A total of 18 electronic manufacturing clusters in 12 states were approved to be set up under the scheme, the government said.
The cluster scheme envisaged the housing of several electronics manufacturing plants within close proximity to each other.
Many mobile manufacturers, for example, took advantage of the design that allowed their suppliers — such as those making chargers and components — to be within close proximity.
So far, said the government, 10 manufacturing units have started production within the approved EMCs and a total of Rs. 3,660 crore has been invested by these ten units.
The total employment at these units at present is 7,400, it added.
Another 90 manufacturing units have been booked by various companies in various clusters, taking the total to 100. These are likely to come up over the next few months and years.
Just yesterday, the Uttar Pradesh government had announced that it is targeting the generation of 3 lakh jobs in the NOIDA-Yamuna Expressway electronic manufacturing cluster by 2022.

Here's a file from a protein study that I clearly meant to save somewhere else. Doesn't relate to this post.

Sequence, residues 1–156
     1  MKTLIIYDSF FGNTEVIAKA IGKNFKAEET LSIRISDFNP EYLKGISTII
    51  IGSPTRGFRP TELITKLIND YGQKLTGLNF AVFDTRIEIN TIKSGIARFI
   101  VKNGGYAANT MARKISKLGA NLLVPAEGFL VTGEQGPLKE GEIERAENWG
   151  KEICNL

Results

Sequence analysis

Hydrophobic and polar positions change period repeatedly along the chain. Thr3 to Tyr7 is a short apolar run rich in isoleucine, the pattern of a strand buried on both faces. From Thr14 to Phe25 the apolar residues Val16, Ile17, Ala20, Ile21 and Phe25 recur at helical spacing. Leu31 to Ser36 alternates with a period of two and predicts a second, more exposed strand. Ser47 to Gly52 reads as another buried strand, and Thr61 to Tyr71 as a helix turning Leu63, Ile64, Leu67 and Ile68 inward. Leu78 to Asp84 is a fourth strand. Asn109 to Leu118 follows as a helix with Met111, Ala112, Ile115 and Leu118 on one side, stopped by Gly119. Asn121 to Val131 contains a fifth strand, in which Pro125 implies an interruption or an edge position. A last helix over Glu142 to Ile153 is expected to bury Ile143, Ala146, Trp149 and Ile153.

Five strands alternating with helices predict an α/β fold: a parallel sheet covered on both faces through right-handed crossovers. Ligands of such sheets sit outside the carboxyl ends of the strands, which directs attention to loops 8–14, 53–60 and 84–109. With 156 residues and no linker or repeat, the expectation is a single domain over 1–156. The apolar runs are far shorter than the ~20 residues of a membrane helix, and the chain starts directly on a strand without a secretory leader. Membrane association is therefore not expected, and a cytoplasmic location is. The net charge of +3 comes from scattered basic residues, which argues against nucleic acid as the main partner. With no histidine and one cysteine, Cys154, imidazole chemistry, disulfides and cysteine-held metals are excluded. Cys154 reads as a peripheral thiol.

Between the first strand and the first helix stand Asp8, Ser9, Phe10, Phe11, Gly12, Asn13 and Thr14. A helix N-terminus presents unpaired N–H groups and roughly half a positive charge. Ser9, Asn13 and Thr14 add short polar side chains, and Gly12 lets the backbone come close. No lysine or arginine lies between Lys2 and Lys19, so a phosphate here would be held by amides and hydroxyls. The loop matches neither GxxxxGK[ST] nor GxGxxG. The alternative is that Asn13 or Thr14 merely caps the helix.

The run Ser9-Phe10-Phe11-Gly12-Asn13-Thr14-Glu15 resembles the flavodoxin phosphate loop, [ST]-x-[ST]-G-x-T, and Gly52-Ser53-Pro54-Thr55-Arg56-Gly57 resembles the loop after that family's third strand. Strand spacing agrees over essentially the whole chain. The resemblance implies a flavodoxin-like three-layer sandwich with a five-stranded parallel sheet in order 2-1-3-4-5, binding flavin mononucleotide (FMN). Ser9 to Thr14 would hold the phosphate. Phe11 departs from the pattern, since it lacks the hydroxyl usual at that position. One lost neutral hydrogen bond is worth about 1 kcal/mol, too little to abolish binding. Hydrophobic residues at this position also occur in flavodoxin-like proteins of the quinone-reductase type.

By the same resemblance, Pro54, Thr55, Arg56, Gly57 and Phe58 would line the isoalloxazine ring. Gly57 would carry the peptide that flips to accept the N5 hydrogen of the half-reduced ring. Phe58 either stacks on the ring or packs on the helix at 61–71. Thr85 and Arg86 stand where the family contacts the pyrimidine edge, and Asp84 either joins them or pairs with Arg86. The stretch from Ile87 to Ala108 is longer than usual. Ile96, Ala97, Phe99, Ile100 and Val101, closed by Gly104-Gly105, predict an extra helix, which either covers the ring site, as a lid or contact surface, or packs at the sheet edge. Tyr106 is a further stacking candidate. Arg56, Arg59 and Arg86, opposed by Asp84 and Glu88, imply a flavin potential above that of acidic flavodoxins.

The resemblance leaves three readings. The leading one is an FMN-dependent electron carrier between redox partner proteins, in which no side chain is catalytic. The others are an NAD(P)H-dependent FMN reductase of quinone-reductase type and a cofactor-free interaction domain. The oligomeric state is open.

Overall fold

The cluster policy was announced by the Congress-led UPA government during the tenure of Anand Sharma as the commerce and industry minister.
The idea behind the scheme was to create state-of-art infrastructure along with common facilities for electronics manufacturing.
At present, India does not carry out any significant electronics manufacturing, though it does carry out some assembly work in places like Noida and Vishakapatanam.
The country is dependent on Japan, South Korea and Taiwan for semi-conductors and on China for components and finished electronic products.
Electronics are expected to become the biggest single item of import for India in the near future and could put severe pressure on the country’s foreign reserves.